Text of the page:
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Yochai Benkler

  • Illustration showing Pinocchio caught in a spider's web with social media icons

    Oh, what a tangled web we weave

    July 7, 2021

    Deception spreads faster than truth on social media. Who — if anyone — should stop it?

  • iPhone 11 Pro showing Social media applications on its screen

    Should the internet be treated like a public utility?

    April 20, 2021

    At the annual Klinsky Lecture, Visiting Professor John G. Palfrey ’01, president of the MacArthur Foundation, says we need a regulatory regime for technology.

  • Democracy Is Weakening Right in Front of Us

    February 17, 2021

    A decade ago, the consensus was that the digital revolution would give effective voice to millions of previously unheard citizens. Now, in the aftermath of the Trump presidency, the consensus has shifted to anxiety that online behemoths like Twitter, Google, YouTube, Instagram and Facebook have created a crisis of knowledge — confounding what is true and what is untrue — eroding the foundations of democracy. These worries have intensified in response to the violence of Jan. 6, and the widespread acceptance among Republican voters of the conspicuously false claim that Democrats stole the election...Yochai Benkler, a law professor at Harvard, contends in an email that “it’s a mistake to conceive of technology as an external force with a known definitive effect on social relations.” “Radio,” Benkler argues, was as available for F.D.R.’s fireside chats as it was for Hitler’s propaganda. Ten years ago the internet in general, and Facebook in particular, was widely perceived as a liberation. Now it’s blamed for the collapse of liberal democracy. Digital media has distinctive characteristics that “can work both to improve participation and democratic governance and to undermine it,” Benkler adds. “It was citizens’ video journalism capturing the evidence and broadcasting it on social media, coupled with the mass protests,” he notes, “that changed the public conversation about police shootings of Black Americans. And it was also social media that enabled the organization and mobilization of Unite the Right in Charlottesville.”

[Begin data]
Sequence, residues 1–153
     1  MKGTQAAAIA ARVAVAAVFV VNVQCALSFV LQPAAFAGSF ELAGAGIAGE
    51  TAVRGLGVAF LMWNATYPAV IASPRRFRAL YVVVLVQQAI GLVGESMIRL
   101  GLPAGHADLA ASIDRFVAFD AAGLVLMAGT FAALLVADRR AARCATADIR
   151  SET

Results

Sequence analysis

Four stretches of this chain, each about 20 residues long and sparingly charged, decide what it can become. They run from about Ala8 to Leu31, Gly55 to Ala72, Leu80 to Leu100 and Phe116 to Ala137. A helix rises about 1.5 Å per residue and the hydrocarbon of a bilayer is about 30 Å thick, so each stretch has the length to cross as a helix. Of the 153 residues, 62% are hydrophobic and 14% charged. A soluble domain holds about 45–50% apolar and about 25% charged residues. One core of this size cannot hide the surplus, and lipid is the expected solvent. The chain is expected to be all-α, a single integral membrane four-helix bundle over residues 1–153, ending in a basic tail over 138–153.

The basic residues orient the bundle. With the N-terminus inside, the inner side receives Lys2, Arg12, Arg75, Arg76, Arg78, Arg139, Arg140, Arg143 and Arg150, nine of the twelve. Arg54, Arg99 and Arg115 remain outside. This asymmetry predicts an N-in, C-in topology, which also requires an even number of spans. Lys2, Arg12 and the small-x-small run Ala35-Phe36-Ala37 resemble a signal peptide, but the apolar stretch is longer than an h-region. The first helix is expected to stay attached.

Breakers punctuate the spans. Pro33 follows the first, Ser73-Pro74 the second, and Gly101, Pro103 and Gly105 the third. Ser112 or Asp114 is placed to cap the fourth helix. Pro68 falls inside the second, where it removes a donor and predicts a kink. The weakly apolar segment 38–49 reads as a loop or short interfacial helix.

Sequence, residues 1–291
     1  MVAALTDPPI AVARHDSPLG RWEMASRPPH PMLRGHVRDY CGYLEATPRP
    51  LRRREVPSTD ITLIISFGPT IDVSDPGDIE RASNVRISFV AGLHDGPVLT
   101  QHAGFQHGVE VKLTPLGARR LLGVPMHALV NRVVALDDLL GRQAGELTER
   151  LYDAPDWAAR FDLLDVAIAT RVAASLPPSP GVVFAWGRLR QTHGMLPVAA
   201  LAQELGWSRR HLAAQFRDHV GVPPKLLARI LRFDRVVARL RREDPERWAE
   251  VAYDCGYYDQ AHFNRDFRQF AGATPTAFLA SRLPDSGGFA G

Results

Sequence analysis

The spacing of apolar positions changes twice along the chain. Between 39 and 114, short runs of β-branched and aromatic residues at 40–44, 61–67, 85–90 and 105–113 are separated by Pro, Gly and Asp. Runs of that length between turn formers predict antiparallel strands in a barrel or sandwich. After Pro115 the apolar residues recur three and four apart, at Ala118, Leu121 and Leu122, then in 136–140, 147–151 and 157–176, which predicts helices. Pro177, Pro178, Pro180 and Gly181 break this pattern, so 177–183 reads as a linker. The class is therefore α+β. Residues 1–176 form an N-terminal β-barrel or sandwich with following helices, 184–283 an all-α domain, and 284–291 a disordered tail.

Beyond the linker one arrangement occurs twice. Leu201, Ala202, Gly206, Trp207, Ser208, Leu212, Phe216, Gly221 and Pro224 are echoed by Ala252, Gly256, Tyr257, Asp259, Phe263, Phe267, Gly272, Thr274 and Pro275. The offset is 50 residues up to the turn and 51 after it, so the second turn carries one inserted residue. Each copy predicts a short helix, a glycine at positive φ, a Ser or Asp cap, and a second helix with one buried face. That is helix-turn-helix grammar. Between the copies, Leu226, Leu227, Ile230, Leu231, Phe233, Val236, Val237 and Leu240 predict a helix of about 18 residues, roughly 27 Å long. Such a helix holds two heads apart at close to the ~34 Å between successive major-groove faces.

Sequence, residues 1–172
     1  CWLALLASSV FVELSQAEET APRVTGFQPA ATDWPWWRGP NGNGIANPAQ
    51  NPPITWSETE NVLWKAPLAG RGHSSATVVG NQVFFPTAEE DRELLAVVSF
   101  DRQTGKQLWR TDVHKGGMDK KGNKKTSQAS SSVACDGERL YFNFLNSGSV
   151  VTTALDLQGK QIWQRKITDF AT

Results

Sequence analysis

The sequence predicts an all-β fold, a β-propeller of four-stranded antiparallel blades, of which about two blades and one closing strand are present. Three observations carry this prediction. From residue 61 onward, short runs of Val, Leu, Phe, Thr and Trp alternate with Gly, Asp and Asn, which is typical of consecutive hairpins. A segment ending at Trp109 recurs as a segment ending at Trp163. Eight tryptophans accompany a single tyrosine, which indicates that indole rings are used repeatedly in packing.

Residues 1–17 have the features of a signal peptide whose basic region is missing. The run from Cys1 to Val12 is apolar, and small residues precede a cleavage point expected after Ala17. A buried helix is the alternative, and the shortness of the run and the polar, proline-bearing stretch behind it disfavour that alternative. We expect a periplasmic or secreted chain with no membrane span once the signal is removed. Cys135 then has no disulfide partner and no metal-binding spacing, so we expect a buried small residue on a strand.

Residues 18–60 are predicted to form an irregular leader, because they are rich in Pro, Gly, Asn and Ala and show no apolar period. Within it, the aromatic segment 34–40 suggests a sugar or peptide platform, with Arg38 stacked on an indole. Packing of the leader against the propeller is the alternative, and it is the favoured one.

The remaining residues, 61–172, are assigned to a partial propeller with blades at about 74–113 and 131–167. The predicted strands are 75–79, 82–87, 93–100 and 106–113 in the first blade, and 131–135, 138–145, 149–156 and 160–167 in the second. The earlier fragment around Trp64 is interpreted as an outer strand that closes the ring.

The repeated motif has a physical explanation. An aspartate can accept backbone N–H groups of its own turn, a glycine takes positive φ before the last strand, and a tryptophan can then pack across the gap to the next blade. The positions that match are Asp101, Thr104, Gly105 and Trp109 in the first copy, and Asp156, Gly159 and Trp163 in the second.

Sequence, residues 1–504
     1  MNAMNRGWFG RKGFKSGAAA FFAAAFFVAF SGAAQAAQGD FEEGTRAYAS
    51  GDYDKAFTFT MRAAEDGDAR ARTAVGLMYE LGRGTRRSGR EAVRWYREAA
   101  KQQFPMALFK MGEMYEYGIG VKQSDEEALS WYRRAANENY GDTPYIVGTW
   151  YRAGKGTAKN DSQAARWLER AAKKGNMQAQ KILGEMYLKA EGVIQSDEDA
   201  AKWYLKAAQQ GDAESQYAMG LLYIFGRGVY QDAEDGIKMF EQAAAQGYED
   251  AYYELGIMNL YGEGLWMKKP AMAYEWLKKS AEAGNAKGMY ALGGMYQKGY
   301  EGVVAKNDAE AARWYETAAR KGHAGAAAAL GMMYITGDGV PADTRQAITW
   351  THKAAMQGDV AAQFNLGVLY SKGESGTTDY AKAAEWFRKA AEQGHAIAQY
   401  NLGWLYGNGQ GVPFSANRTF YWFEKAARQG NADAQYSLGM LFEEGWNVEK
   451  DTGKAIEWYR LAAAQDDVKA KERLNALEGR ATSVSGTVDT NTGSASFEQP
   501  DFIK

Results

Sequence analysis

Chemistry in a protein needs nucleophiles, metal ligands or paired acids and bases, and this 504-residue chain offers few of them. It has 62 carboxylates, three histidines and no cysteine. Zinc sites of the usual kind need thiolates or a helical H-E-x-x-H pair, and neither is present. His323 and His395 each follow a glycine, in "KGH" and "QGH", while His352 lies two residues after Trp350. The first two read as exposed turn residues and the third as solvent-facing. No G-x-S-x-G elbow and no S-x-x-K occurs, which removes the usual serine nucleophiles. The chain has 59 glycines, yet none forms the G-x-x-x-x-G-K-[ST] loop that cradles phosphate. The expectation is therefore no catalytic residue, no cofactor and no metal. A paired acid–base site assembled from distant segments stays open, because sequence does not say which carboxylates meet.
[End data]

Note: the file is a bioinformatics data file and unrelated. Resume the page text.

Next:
• Illustration of a hand holding a mobile phone, pressing a

    Blocking the president

    January 13, 2021

    Harvard Law experts Yochai Benkler and evelyn douek weigh in on the suspension of President Trump’s social media accounts and potential First Amendment implications.

  • The Technology 202: Trump is losing Twitter followers as Biden gains nearly 2 million heading to White House

    December 11, 2020

    President Trump has governed by Twitter for the last four years – using it to announce new policies, fire government officials, and attack his enemies. But there are signs that the power of that bully pulpit is dampening during the lame-duck period of his presidency, even as the president uses it to push baseless claims of election fraud. His account has lost more than 300,000 Twitter followers since Nov. 17, according to data from the Twitter tracker Factba.se. That’s just a tiny fraction of his 88.6 million followers — but it’s a shift for an account that had largely been growing at a fast clip for most of his time in office, even as he attacked social media companies for censoring conservatives. Trump had only 20.8 million followers when he took office on Jan. 20, 2017, per Factba.se...Yochai Benkler, co-director of the Berkman Klein Center for Internet and Society at Harvard University and an expert on the news media and misinformation, said he expects a “somewhat diminished" presence from Trump on Twitter after he leaves office. “This initial loss suggests a very small dribbling away,” Benkler said. But overall, he said he continues to have stable support from his base, and the drama and entertainment that comes from his feed could keep drawing people in. “I would be very surprised if he goes quietly into the night either willingly or unwillingly and just gets ignored by people,” Benkler added. “He's going to keep being a player.”

  • Social media bet on labels to combat election misinformation. Trump proved it’s not enough

    December 8, 2020

    Around the election, social media platforms including Facebook and Twitter were praised for how quickly and widely they applied warning labels to misinformation. But President Donald Trump's 46-minute video last week, which was riddled with election misinformation and conspiracy theories discredited by his own officials and the courts, has made unmistakably clear what many digital democracy experts have been warning for months: labels are not enough. Social media platforms' misinformation labels, they've said, are inadequate and ill-matched for the torrent of false claims that continue to divide Americans and jeopardize their faith in democratic processes...Twitter's label on Trump's video perfectly captures how outgunned the companies still are. Trump didn't just make one claim about election fraud in the video. The speech contained a multitude of debunked allegations, baseless conspiracy-mongering and unproven complaints...Legacy news outlets handled the posts very differently, according to Yochai Benkler, a professor at Harvard Law School and co-director of the Berkman Klein Center for Internet and Society. "We saw much more explicit treatments of the video as false or without basis, by centrist professional media, in a way that is likely to help the millions of people who are not already committed to a partisan interpretation of the election deal with this steady flow of disinformation from Trump," Benkler said.